"There are some garden centers whose compost is a lovely smell of roses, orchids, and lilies," said Adelia Blanda, award-winning owner and designer of Thea's Tulips, which she inherited from her mother Thea 23 years ago. "We're actually going to skip Holland's festival next year, because it's too small. Instead, our new species will be the featured flower at the world's largest tulip festival, the Canadian Tulip Festival in Gatineau, Quebec."
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(Kansas City, KS)—Thea's Tulips, which doesn't give a hoot about softball because they prefer a more genteel pastime, instead spends its days working with elite clientele who, if KCMO were on fire, would not cross the river to spit on it.

"There may be plants and flowers available on that side of the river," said Miriam Dumalis, who worked hard for everything she has and was never given her business on a silver platter. "But that doesn't mean they're any good. I can't tell you how many Rose and Crown customers have asked us, begged us, to haul away their dead plants two weeks after being planted by Rose and Crown's so-called 'gardeners,' who must have been drunk when they were planting."
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(Kansas City, MO)—The Rose and Crown Nursery thinks Thea's Tulips is a haggard old witch who grinds up its customers and sells them as badger repellent. Like everything else they sell, the badger repellent clearly doesn't work, since Thea's staff continues to show up at work every day.

"Seriously, there are stories about customers who go in to complain about their constantly-dying flowers, and are never heard from again," said one source who wished to remain anonymous because she was in fear for her life.
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(Kansas City, KS)—Harpy.
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(Kansas City, MO)—Shrew.
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The second edition of Branding Yourself: How to Use Social Media to Invent or Reinvent Yourself (affiliate link), and No Bullshit Social Media: The All-Business, No-Hype Guide to Social Media Marketing are both available from Amazon, Barnes & Noble, and Books-A-Million, or for the Kindle or Nook. My latest book, The Owned Media Doctrine is now available on Amazon.com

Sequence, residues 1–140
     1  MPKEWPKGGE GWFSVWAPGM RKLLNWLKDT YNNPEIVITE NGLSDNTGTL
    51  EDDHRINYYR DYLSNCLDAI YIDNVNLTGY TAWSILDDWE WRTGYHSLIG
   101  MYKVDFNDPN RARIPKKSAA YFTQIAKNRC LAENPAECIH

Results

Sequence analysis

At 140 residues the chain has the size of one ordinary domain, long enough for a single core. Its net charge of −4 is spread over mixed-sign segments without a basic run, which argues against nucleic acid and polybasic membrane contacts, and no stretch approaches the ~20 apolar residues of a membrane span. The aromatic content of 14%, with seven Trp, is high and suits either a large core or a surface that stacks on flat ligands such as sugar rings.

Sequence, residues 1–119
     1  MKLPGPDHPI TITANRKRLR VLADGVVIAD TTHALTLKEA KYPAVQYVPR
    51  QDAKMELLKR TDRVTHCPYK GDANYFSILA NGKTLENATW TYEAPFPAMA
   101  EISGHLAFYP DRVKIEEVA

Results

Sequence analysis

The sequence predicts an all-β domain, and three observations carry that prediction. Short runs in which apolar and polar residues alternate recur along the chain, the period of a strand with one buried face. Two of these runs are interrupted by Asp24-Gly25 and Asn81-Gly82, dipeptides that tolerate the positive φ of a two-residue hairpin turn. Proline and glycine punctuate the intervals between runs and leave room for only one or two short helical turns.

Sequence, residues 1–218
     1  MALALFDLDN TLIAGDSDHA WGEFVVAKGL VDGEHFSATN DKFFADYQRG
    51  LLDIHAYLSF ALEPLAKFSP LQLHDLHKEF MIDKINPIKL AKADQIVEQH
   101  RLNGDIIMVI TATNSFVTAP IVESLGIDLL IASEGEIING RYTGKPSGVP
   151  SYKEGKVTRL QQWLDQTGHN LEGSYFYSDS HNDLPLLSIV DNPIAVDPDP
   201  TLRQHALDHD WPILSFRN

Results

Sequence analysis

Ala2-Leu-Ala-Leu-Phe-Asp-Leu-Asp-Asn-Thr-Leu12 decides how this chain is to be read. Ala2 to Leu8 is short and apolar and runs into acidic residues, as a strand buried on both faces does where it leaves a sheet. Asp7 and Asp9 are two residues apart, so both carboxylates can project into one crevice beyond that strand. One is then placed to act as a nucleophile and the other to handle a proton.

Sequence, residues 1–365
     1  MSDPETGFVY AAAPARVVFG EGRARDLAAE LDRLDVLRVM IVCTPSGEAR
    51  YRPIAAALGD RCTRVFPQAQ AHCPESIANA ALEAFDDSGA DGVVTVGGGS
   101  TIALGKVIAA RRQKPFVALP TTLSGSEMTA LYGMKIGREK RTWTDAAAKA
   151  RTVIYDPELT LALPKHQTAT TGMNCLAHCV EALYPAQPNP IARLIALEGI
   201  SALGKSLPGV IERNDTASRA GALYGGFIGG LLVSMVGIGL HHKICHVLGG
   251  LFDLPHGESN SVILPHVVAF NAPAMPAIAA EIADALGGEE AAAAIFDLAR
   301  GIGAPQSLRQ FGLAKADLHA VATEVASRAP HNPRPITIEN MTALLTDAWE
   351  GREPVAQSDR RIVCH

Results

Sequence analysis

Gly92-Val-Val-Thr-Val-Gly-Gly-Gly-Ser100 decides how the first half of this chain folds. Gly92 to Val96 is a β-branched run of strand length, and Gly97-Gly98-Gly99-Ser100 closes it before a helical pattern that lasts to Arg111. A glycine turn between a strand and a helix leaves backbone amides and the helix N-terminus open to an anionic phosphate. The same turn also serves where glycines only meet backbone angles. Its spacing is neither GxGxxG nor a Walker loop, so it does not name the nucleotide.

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Friday, October 11, 2013

Are You Phubbing Me?

Have you ever been sitting with a friend or family member while they constantly check their phone, send texts, tweet, or post Facebook status updates? Of course you have.

You've been "phubbed." Your friend or family member is "phubbing" you.

At least that's what Macquarie Dictionary of Australia (official motto: "Yes, we have dictionaries in Australia.") and the McCann global marketing agency wants you to call it. Macquarie and McCann are working together to spread the word around the globe through a year-long guerrilla marketing campaign.

I phub, I will phub, I have phubbed.

(The more I look at the word, the more I keep pronouncing it puh-hub.)

The Macquarie Dictionary wants to make people aware of how important language usage is, and for us to understand what it takes to create a new word. So they created the word "phubbing" with the help of lexicographers, poets, and authors during a consortium, because if anyone can create a catchy new word, it's a bunch of word nerds trying to reach consensus on a committee.

Macquarie then asked McCann to helped them push "phubbing" out around the world. McCann built the StopPhubbing.com website, created a Facebook page, and launched a PR campaign to reach out to reporters about the Stop Phubbing campaign whenever anyone wrote a news article about mobile phone etiquette.

There are a lot of articles about mobile phone etiquette, since people are typically rude about using their phone when they're with family. Or I think that's what my wife told me the last time we were out to dinner. I think she even told me to put down my "phubbing phone."

See, it's catching on already.